This week I have mostly been reading about fullerenes – a newish cosmetic active that is causing a bit of controversy, that is if you read the Sydney Morning Herald  so I guess you may want to find out what all of the fuss is about?  Well, it’s all about balls……. 

But first a few factoids! 

A fullerene is an allotrope of carbon and an allotrope is the name for the shape that is formed when lots of one element join together. Carbon forms a few allotropes including the sparkly diamond, the boring old graphite  sheets and the rather splendid fullerene which is like a microscopic hollow  football. 

Carbon Allotropes sourced from Wikipedia

As the word ‘fullerene’ refers to a whole ‘family’ of chemicals we need to get a bit more information in order to work out how good these things are for cosmetics.  In the article mentioned by the Herald the fullerene was a C60 arrangement made by a company called Vitamin C60 in Japan – hooray! 

Finally although these balls look quite big in reality they are teeny tiny and fall under the ‘nanoparticle’ definition – nanoparticle just means they are very small particles so don’t go pinning any false hopes or fears just yet! 

OK, so now we can investigate what these things may do. 

The C60 fullerene produced by Vitamin C60 has been produced and refined specifically for cosmetic use and has been found to act as a super powerful free-radical sponge.  It does this by breaking some of its double bonds and extending an arm (and electron) to any random radicals (excited particles) that they find speeding around our skin cells and according to research it is brilliant at it!  Mopping up free-radicals is a great anti-ageing strategy as it is these that damage cells like little toxic time bombs. In addition to that its small size and hollow shape allow it to act as a miniature trojan horse allowing it to deliver other actives deeper into the skin.  This is also pretty exciting stuff as many actives need to get down to the dermal, epidermal junction to deliver their goodies.  And that is the good news. 

Dr Brandt Lineless Cream with Fullerene

But we want to know if they are REALLY safe and if they REALLY work and that is a bit harder to answer. 

This particular fullerene was discovered in the mid 1980’s  and by 1997 its discoverers had won a Nobel prize for their efforts.  I remember my chemistry teacher thinking it was great news, he then made us sit and watch a whole lesson long documentary on it. I was utterly bored, how times change!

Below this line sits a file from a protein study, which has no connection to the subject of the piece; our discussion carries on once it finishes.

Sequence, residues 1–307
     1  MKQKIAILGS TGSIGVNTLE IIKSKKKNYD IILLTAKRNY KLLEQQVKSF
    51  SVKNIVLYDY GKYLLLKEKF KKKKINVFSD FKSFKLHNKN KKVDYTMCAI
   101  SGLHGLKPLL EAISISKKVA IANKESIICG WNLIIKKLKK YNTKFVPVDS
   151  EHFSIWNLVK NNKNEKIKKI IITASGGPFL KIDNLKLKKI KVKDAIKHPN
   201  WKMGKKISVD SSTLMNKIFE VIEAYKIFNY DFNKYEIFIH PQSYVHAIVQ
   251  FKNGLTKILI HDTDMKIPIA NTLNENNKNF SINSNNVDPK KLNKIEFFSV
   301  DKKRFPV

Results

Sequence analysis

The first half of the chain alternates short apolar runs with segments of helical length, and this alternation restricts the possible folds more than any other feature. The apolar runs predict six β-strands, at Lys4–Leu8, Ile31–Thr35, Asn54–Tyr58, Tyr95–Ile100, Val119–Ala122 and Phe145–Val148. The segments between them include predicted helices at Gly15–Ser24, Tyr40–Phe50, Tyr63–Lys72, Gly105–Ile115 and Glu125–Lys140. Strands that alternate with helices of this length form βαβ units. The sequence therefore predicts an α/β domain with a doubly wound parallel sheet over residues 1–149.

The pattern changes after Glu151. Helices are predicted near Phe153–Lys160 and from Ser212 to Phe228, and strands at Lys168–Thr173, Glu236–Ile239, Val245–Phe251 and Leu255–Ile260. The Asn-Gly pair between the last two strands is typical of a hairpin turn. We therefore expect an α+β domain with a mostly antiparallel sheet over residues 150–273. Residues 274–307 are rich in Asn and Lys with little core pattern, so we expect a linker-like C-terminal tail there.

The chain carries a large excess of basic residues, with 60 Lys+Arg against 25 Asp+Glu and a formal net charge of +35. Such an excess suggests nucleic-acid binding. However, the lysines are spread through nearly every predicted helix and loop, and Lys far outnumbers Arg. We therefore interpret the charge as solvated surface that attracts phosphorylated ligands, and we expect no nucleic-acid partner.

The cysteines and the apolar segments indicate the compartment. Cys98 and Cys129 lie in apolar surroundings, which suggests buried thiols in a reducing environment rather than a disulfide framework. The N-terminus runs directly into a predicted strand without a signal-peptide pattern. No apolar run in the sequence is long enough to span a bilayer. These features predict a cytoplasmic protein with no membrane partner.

Since then it has been studied pretty widely due to its potential as a drug delivery system so it is not surprising that there are literally hundreds of patents, clinical trials and white papers on this particular chemical. I am happy to admit that I haven’t read everything but the studies that I have read were a little confusing to begin with.  You see some studies found the fullerene to be damaging to cells whereas others showed the structure to be practically inert and totally safe.  Further reading showed why – the studies were all looking at different things, using different methods and using slightly different versions of the C60.  Apples were not always being compared with Apples. 

So the final verdict? 

After reading quite a bit (and writing a larger review for the team at New Directions) I can happily say that while I don’t think that these fullerenes are likely to cause any lasting damage when topically applied, indeed they look very useful, I would like more information on what happens to these structures in the environment.  I haven’t found any reason to suspect that these particles may cause environmental problems but then again I haven’t seen anything to say that they won’t (although the carbon-only structure is pretty safe). 

Would I buy a product containing them?  Only out of curiosity as I’m not quite at the stage when I have hundreds of dollars to burn and the cosmetics containing these are pretty exy! 

A full review of the article published in the Herald this week will be published next week  if you are interested!